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Butterfly evo-devo in a conservation context: how embryos respond to pesticides and immune challenges

  • Full or part time
  • Application Deadline
    Thursday, January 03, 2019
  • Competition Funded PhD Project (European/UK Students Only)
    Competition Funded PhD Project (European/UK Students Only)

Project Description

Over the course of their life cycle butterflies are exposed to a range of environmental factors, which act as both inducers of phenotypic variation as well as selective agents. In rapidly changing environments butterflies can be exposed to a range of environmental stressors, including; extreme weather events and general climatic conditions, pesticide use, habitat fragmentation and the exposure to novel pathogens. There is a need to understand how butterflies respond these (interacting) environmental challenges, particularly during their most vulnerable and least understood life stage, the egg stage. Our previous work has shown that butterfly maternal effect genes are likely to play a key role in the embryonic response, and that these genes often show sequence variability as well as unique duplications with subsequent functional diversification. In this project we will primarily focus on the innate immune response to pathogens, and test the interaction with pesticide exposure. We will conduct experiments across the entirety of embryogenesis, and examine up- and down-regulation of genes in response to interacting stressors and explore their mode of action on embryonic development. We predict that in the earliest stages of development the embryos rely on maternally provided protection, rapidly followed by protection provided by the extra-embryonic serosa. Recent work in our lab has shown, for a very early developmental time point, that the butterfly serosa is capable of mounting an immune response. As embryonic development progresses, we predict that the embryo will play a more active role in the immune response. To test for micro- and macro-evolutionary shifts in immune response during embryonic development, we will use a comparative approach, comparing different populations from a single species (Pararge aegeria), as well as comparing different species from divergent habitats. The PhD project will involve several techniques including butterfly rearing, DNA and RNA extraction and RNAseq The study will enhance our understanding of how butterflies respond to environmental challenges, whether they are natural or manmade, during their most vulnerable and least understood life stage.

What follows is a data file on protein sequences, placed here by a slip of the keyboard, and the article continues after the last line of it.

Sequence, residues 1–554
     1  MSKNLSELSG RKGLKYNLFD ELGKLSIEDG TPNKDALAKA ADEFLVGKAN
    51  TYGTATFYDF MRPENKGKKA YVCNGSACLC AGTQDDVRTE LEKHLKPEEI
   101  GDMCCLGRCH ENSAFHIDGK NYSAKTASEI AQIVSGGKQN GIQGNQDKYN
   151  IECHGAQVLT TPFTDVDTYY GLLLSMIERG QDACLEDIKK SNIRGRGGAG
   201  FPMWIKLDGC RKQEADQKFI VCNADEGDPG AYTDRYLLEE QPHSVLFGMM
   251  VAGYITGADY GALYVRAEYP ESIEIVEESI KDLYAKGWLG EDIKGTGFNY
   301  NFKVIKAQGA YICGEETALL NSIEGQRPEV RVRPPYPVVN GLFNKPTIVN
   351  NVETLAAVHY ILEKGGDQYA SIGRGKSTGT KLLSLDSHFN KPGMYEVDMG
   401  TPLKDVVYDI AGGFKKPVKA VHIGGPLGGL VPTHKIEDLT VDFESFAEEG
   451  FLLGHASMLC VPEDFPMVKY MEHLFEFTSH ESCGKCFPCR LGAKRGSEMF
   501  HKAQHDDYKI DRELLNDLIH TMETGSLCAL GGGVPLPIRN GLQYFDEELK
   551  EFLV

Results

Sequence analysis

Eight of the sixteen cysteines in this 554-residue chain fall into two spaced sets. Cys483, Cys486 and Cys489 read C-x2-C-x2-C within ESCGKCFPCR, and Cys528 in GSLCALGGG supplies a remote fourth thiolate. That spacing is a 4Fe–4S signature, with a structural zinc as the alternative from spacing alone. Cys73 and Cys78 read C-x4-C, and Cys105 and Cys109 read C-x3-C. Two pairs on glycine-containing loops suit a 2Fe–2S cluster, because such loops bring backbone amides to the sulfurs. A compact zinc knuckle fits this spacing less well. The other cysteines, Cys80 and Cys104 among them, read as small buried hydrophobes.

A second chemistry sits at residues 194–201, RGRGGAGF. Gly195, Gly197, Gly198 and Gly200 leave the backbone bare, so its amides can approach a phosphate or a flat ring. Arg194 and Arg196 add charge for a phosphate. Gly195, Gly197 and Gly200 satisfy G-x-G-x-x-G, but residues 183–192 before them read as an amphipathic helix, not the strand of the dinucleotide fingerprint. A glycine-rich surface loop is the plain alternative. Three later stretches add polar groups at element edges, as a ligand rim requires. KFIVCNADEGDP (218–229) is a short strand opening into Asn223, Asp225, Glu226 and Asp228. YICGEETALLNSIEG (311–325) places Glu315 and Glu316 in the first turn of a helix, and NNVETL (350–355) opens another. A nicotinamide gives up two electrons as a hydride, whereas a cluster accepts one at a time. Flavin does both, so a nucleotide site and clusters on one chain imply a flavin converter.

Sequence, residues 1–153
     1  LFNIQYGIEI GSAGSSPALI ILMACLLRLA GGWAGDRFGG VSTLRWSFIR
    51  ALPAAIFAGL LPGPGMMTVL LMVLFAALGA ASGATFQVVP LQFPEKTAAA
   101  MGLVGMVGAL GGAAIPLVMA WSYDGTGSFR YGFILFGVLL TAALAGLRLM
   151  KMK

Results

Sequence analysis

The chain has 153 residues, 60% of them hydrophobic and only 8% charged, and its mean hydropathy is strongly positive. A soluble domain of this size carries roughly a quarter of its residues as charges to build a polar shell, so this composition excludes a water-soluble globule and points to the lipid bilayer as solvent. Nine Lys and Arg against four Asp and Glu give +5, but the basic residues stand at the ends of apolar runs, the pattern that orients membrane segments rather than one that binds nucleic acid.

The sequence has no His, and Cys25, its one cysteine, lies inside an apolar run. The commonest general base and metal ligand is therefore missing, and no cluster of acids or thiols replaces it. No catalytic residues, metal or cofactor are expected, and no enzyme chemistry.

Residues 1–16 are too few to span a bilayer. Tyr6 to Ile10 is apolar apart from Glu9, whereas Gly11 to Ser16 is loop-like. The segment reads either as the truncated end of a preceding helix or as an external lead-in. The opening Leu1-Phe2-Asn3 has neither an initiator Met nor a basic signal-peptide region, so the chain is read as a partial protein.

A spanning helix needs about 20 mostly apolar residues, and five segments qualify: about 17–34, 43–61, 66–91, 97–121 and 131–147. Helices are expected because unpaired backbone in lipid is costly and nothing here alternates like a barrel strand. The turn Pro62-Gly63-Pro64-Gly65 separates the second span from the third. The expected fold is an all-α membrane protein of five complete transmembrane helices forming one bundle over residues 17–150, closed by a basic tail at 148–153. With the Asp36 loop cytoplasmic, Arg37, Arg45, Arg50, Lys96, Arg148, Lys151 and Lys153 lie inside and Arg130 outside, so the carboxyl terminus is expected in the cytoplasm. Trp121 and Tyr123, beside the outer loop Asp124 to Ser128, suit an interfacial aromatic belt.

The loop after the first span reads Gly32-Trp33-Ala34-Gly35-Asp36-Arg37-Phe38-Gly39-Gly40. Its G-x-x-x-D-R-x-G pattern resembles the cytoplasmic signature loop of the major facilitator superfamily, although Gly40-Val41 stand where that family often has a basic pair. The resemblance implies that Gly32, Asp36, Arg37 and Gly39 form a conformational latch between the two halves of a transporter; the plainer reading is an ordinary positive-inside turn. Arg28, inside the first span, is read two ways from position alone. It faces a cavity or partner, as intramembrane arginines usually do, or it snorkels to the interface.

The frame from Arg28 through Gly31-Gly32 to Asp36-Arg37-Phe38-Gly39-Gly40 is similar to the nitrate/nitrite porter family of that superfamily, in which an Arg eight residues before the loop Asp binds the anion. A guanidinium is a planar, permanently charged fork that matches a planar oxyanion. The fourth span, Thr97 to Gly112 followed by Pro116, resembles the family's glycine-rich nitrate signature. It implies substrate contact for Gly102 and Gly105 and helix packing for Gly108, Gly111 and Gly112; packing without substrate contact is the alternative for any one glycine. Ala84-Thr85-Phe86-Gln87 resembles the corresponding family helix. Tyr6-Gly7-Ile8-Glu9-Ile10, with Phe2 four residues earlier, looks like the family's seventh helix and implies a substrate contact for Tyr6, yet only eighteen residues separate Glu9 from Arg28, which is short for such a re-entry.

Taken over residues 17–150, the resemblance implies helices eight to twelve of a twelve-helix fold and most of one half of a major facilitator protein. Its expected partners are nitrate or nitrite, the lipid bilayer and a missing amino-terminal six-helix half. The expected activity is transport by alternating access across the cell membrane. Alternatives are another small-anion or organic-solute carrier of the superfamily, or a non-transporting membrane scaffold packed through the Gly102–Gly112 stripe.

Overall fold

Faculty of Health and Life Sciences
Department of Biological and Medical Sciences
Eligibility: Home UK/EU applicants who must be permanently resident in UK/EU (or International by special exception)
Duration: Three years
Start date: Sept 2019
Value p.a.: Bursary equivalent to RCUK national minimum stipend plus fees (2018/19 bursary rate is £14,777)

Please note only EU/UK nationals/permanent residents are eligible to apply for this studentship. Please do not apply if you are not a UK/EU national/permanent resident. If you are not sure if you are eligible please contact Research Administrator, .

There is an additional requirement to undertake up to 6 hours undergraduate teaching/week during semesters and to participate in a teaching skills course without further remuneration.

For further information contact Dr Casper J. Breuker ()

This project is in collaboration with Dr Melanie Gibbs (CEH Wallingford) and Dr Andrew Jones (Oxford Brookes University)

Funding Notes

Applicants should have (or be expecting) a first class or upper second class honours degree from a Higher Education Institution in the UK or acceptable equivalent qualification. EU Applicants must have a valid IELTS Academic test certificate with an overall minimum score of 7.0 and no score below 6.0 issued since 1st September 2016 by an approved test centre. We are prepared to consider alternative acceptable evidence of English Language ability. To apply, please click the 'Apply' button to download the application form. Once completed, please email to .

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